8707: Boulder Blaster
Although being a part of the first wave, it stood out of the numerical order, that is due to it being a limited edition. There was a bulldozer-like vehicle with a dynamite throwing function. The set consisted of 293 pieces and came with two minifigures: Rex and the blue monster Glaciator. It retailed for a strange price of 27 dollars. It was considered a Toys”R”Us exclusive in the US, but it was more widely available in Europe.
8962: Crystal King
The smallest set of the summer wave with price tag of 20 dollars, it featured a large brick-built figure of the Crystal king with a molded head and a giant hand drill for the miners. It included 168 pieces and two minifigures to fight with the Crystal King: Duke and Rex.
8963: Rock Wrecker
The Rock Wrecker was the first set numerical-wise that included a throwing monster, with the inclusion of the neon one called Geolix. It was a decent sized vehicle covered with several drilling wheels and equipped with a net thrower used to capture the monsters. With Geolix already mentioned, it included only one other minifigure, Rex. It included 225 pieces and retailed for 35 dollars.
8964: Titanium Command Rig
With a price tag of 100 dollars and its massive build, it was by far the largest LEGO Power Miners set to be ever produced. It was a giant eight-wheeled command center equipped with a giant convertible mining tower, a command bridge and even a small prison cage for the Rock Monsters. It was built from 706 pieces and included 5 mini figures: Doc., Brains, Duke, the blue Rock Monster Glaciator and Red throwing monster Tremorox.
8708: Cave Crusher
Another set out of the numerical order due to it being a special edition, Target exclusive in the US, it was a long six-wheeled vehicle with two mining wheels in the front and a flexible joint in the middle. It included three minifigures: Duke, Rex and the red throwing monster Tremorox. It retailed for 50 dollars.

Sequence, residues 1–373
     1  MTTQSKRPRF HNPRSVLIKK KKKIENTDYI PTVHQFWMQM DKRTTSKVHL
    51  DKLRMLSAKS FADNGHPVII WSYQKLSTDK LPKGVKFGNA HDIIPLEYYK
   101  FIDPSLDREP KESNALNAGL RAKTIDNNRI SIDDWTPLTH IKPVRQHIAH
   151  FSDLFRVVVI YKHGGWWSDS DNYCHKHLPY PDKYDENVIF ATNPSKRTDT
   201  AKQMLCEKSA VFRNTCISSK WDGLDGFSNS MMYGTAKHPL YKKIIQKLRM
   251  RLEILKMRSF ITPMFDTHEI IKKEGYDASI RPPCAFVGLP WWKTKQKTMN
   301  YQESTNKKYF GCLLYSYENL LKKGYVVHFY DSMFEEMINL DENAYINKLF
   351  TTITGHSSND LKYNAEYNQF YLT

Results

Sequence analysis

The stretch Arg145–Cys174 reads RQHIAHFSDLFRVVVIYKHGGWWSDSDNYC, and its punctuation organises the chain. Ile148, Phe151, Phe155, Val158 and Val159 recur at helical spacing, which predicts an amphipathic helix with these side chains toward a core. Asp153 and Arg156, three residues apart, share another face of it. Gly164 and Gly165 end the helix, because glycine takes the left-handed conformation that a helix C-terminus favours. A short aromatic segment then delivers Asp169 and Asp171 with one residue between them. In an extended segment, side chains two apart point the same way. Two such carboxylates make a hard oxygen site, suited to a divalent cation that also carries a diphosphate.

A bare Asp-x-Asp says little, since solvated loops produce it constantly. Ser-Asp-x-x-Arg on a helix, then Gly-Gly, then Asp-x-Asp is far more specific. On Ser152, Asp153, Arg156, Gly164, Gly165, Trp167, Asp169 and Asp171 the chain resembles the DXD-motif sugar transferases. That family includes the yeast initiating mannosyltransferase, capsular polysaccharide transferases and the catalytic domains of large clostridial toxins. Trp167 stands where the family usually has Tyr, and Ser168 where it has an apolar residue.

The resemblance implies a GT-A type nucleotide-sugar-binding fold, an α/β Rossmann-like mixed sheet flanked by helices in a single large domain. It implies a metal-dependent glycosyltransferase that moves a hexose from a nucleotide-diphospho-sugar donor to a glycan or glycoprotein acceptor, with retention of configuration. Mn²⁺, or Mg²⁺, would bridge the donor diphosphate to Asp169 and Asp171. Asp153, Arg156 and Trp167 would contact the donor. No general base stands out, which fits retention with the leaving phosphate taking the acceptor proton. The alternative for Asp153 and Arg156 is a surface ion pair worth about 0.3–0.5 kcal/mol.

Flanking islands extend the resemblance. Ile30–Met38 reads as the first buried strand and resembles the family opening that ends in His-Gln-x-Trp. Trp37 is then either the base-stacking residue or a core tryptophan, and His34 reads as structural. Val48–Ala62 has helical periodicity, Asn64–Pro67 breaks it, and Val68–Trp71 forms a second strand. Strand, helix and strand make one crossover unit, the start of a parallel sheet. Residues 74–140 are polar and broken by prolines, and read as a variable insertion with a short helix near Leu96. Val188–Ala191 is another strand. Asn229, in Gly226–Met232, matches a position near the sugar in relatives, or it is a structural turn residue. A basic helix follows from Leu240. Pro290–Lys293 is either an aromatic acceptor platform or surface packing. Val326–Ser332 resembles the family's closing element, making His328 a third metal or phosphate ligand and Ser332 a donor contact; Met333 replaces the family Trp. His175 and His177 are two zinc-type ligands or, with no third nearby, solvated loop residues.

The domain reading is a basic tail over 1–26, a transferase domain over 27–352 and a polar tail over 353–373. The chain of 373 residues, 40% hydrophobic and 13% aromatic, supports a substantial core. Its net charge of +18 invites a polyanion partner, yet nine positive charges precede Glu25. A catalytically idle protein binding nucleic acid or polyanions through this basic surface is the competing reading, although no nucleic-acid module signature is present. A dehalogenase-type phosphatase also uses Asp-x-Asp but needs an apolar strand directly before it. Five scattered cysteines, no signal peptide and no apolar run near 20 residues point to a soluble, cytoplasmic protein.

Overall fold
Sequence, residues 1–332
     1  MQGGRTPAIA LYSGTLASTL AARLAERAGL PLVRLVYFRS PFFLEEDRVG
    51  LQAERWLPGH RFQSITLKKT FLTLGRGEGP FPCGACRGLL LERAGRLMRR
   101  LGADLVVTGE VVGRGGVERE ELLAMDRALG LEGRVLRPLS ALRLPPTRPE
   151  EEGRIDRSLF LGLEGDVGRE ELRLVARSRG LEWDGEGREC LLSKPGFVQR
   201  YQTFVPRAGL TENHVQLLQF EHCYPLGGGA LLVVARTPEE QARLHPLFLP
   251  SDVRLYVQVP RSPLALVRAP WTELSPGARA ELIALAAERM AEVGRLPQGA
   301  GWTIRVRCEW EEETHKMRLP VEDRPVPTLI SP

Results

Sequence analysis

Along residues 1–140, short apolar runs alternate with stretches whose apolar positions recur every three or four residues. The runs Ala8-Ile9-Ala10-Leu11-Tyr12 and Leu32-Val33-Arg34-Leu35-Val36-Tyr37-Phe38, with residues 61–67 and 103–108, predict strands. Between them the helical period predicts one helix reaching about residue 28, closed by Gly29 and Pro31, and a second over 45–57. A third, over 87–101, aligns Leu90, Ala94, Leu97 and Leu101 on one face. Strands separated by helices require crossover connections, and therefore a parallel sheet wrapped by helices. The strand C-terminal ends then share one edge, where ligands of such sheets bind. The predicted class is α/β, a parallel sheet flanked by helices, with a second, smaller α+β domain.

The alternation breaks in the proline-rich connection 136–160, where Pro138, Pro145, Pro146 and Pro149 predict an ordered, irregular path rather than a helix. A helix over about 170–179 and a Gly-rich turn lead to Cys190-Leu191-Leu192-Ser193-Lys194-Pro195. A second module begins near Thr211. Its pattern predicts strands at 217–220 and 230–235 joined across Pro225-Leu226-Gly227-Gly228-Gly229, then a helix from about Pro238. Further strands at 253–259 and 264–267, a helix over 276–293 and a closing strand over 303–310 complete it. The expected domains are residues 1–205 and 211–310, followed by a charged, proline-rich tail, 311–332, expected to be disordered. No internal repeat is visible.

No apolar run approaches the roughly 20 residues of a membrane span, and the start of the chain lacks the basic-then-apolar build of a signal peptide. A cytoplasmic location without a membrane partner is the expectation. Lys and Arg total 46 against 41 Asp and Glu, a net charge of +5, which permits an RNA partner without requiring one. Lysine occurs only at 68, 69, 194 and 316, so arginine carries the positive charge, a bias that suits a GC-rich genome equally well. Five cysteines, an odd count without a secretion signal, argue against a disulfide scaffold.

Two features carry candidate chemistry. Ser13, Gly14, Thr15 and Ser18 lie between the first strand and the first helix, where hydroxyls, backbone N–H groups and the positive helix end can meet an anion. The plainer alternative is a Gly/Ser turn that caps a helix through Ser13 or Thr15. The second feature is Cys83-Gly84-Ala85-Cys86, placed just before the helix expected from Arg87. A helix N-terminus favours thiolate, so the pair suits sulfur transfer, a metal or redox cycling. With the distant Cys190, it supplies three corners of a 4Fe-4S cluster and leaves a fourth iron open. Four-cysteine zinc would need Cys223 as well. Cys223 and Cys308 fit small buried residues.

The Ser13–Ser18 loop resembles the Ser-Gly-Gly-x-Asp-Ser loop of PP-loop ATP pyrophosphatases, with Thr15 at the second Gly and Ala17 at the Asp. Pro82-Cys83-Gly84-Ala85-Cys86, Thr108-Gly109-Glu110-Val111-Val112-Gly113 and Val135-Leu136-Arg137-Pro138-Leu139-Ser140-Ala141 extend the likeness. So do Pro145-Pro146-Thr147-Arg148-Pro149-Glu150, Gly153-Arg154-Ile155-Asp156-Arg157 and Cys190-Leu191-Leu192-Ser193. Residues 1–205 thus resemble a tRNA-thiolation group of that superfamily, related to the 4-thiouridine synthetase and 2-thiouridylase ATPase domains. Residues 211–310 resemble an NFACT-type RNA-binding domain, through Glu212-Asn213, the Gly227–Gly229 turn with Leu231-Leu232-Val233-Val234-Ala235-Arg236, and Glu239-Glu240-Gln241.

8709: Underground mining station
Last set of the wave numerical-wise, it was the only “building” in the first wave. It consisted of two towers connected via cableway and a small rock and crystal collecting vehicle also came with the set. Four minifigures were included: Duke (two versions of him), Rex and the neon throwing monster Geolix. It consisted of 637 pieces and retailed for 80 dollars.
The second wave of LEGO Power Miners took place in the Earth’s inner core. Because of that, the miners were equipped with updated suits capable of sustaining the immense heat of the core and the lava. The suits were metallic, covered the whole body and some parts of them even have a little bit of chroming on them. The monsters changed their rocky part colour scheme to black from grey and their eyes were “glowing” now. The orange vehicle parts changed to blue, to resemble the water used to fight the lava monsters.
8188: Fire Blaster
The smallest set of this wave retailed for only 10 dollars. It was a small water shooting vehicle with two mini figures: Rex and Combustix, the yellow lava monster. It had only 62 pieces.
8189: Magma Mech
This set slightly resembled the last year’s Mine Mech, it changed the colour scheme and instead of the mining wheel it got a water shooting drill, sounds pretty weird, doesn’t it? It costed 20 dollars back then, had 183 pieces and came with two minifigures: Rex and the orange monster Firax.
8190: Claw Catcher
As the name suggests, this vehicle used a pair of giant claws in the front to catch the monsters. It had 259 pieces and came with two minifigures: Brains and the red monster Inferox. Please note: The monster shown in the picture above is not accurate, but it is the official image.
With the name referring to the famous Alcatraz prison in San Francisco Bay, it was used as a prison for the large throwing monster. It also came with a small vehicle and included a fully operational Soda dispenser. It costed 50 dollars, was built from 381 pieces and included four minifigures: Doc., Duke, the large throwing monster Eruptorr and the small orange lava monster Firax.
Throughout the run of the series, LEGO has released several promotional polybags, keychains and even a watch. They’ve also sold 3 in 1 value packs.
In conclusion, Power Miners line was quite a good idea from LEGO and it was executed rather nicely. I own few of the smaller sets and they still hold up even after a decade. But it’s a pity that the line was canceled before it could finish it story. If you ever get chance to buy some Power Miners sets, definitely do so, it will be something new in your collection and maybe you will discover your new favourite theme!